Whoa. Fucken whoa. Really enjoyable, yet I constantly felt that to really appreciate the depths of this book I should have a 10 year minimum background in Russian literature and a good handle on the cultural history of the 19th and 20th centuries. Fortunately, it doesn't take scholarship to appreciate life's farcical underbelly which Biely upturns with alternating emphasis on humor and pain. Sergey Sergeyevich's failed hanging gave me a whole new appreciation for the underlying ridiculousness of ...more
Oct 08, 2008 Jane rated it it was amazing
Wonderfully weird. Incredibly Russian. A tongue-in-cheek look at postmodernism (to some extent), but a masterful work of postmodernism in itself. I almost did my thesis on this book...the imagery and insane number of references to anything spherical (a ticking bomb and the rotating, thriving planet are the two driving forces of the story) has stayed with me for years. The translator's notes and the introduction are a MUST read!
David Lentz
Jun 20, 2011 David Lentz rated it really liked it
Vladimir Nabokov was half-right when he cited the top four greatest novelists of the 20th century. Joyce and Proust clearly are worthy of their luminous literary prominence. While I admire Kafka and his novels, I would hardly rank him among the top four of the century. Bellow, Faulkner, Barth, Hemingway, Gaddis and Vonnegut, for example, all out-gun either Kafka or Biely in their literary prominence. While I admire Nabokov, too, I also wouldn't rank him in the top four and my best guess is that ...more
Mar 28, 2008 Geoff rated it it was amazing  ·  review of another edition
Shelves: favorites
This book is almost perfect and should be read by everyone.
Edmond Dantes
Mar 12, 2014 Edmond Dantes rated it it was amazing  ·  review of another edition
Danzando sull'abisso si potrebbe sottotitolare, se fosse un romanzo di appendice e non un capolavoro della letteratura russa (e unicversale) ante- rivoluzione. Un mondo è alla fine, la nebbia ancora non permette di vedere che succederà, certamente nulla di buono, l'Olandese Volante è pronto a fare base a Pietroburgo come, fra non molti anni, il diavolo a Mosca...- Meno sociologia e più letteratura se si vuol ceracre di capire dove parerà il mondo !!! Chapeau Ripellino per la traduzione (ma del r ...more
Scott Laughlin
Jul 27, 2008 Scott Laughlin rated it it was amazing
Recommended to Scott by: A 20th Century Russian Classic
The book is quite difficult but amazingly rewarding. You really have to gear up for it, as Bely is employing many of the modernist techniques such as fractured narrative and time. Also, the notes in the back, while amazingly helpful, especially if you have little context for Russia, are so extensive, it's as if you're reading two books at one time. I recommend this wonderful novel for those who simply want to go deeper into Russian Literature. If you have other big books by Tolstoy and Dostoevsk ...more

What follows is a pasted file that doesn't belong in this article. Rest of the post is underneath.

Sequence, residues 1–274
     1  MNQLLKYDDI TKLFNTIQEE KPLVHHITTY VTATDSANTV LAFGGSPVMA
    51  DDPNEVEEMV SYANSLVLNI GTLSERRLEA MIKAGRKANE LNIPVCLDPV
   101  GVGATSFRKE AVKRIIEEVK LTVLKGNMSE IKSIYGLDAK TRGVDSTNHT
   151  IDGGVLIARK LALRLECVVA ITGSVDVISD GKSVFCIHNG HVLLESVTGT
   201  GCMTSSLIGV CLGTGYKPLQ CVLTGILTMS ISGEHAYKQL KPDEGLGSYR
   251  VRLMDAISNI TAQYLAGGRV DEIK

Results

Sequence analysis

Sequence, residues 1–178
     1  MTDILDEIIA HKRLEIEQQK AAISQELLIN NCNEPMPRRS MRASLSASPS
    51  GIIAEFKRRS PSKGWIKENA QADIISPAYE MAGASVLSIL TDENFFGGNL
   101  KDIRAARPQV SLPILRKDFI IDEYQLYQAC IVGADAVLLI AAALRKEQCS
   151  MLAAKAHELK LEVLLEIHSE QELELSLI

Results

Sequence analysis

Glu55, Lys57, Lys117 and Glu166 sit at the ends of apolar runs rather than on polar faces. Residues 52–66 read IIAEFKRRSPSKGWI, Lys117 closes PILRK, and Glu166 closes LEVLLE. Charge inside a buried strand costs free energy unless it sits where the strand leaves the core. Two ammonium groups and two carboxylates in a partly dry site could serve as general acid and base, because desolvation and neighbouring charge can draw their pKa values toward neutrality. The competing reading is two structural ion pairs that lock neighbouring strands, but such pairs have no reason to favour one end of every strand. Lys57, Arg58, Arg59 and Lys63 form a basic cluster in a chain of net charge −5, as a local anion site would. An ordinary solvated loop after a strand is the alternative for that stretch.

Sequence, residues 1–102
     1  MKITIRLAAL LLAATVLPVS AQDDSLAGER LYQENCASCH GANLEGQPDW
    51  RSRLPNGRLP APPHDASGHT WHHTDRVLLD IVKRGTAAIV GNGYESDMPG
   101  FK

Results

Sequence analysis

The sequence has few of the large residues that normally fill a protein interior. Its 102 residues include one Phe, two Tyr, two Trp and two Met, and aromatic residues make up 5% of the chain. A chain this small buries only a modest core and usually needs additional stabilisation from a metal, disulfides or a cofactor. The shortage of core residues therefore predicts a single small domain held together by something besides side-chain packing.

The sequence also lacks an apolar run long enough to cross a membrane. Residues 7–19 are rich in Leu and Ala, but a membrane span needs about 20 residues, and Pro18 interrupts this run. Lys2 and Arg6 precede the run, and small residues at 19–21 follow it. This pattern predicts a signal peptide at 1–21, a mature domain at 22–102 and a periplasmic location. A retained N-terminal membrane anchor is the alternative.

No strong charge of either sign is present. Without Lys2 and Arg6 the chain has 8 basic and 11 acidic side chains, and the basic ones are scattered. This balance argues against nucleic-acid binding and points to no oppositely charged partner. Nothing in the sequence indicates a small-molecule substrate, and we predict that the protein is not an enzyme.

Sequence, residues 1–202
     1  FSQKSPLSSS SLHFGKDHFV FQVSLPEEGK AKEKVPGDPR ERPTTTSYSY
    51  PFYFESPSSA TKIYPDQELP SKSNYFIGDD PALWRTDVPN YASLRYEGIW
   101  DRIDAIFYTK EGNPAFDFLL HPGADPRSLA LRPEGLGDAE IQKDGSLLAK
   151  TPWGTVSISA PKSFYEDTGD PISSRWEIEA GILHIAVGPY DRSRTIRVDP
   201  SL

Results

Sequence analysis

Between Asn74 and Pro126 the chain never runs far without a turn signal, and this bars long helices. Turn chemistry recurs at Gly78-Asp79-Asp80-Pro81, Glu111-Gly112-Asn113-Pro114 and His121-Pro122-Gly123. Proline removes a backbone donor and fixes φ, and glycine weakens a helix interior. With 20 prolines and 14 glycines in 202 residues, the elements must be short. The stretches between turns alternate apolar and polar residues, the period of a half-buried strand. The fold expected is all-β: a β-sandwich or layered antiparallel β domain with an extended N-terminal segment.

Oct 26, 2007 Matt rated it it was amazing
Recommends it for: Pip-pip-pop-popovich and people who think Kant is right.
I found an excerpt of this in some random Russian lit reader. Five pages and I was hooked. I scoured bookstores until I finally located it (at the time, I couldn't even find it at Amazon). And I devoured it.

Like the works of Gogol, Bulgakov and Dostoevsky, Bely's writing seems to straddle the line of reality and the absurd. At times blatantly humours, at times deeply philosophical, this book represents what for me is darn close to the ideal novel.
Feb 20, 2010 Kate rated it it was amazing
A joyful, poetic celebration/explosion of all the wonderful and overdone themes of Russian/Petersburg literature. Unbe-fucking-lievable.

p.s. nabokov called this one of the four great novels of the 20th c. the other three are ulysses, the metamorphosis, and "the first half of" in search of lost time. czech it motherfuckers.
May 08, 2012 Sarah rated it really liked it
Typical Russians: running around the city in strange clothing, storing bombs in sardine tins (I just discovered the joys of canned meat. Kipper snacks, anyone?), parricide (inevitably), recluses (inevitably), black-haired maidens, and other neuroses.

It was perfect in every way, except that it went off on strange rants about things unrelated to anything, reached back time without warning, and ventured into dreams without telling me (I think.) I wanted to step into this book, even if it meant livi
May 02, 2008 Yulia rated it liked it
Shelves: russky
I never did finish this when I was taking a class on the Russian avant-garde: it got much too confusing. My father reminded me it wasn't a surreal but a Symbolist work, but even if that's the case, I was utterly mystified by what the symbols meant!. Still, I give it an honorable mention for having been translated by my professor.
May 10, 2016 Rick rated it liked it  ·  review of another edition
Shelves: fiction
Petersburg, published in 1916 and set in 1905, is a work of genius, an obvious masterpiece. Modernist before modernism. But I might not be the right reader for modernism. I struggled to finish Ulysses, loving some of it, admiring much, and wondering when is he going to wrap up this little experiment through other parts of it. Petersburg is not the struggle to understand that Ulysses is but if your bias is to story you will get impatient with writing where the story is less important than voice, ...more
Jun 12, 2011 Tony rated it it was ok  ·  review of another edition
Bely, Andrei. PETERSBURG. (Russia, 1916; this translation, 1995). **.
This translation was by David McDuff for Penguin Publications of what is called a long-neglected masterpiece. The translation, as far as I can tell, is an excellent one, but must have been most difficult. This is a kind of novel that revolves around the happenings of one single day. The basic plot is that the son of a diplomat, Nikolai Apollonovich, has been chosen to assassinate a high ranking official – his father, Apollon A
Oct 15, 2010 Ben rated it it was amazing  ·  review of another edition
Petersburg, Petersburg!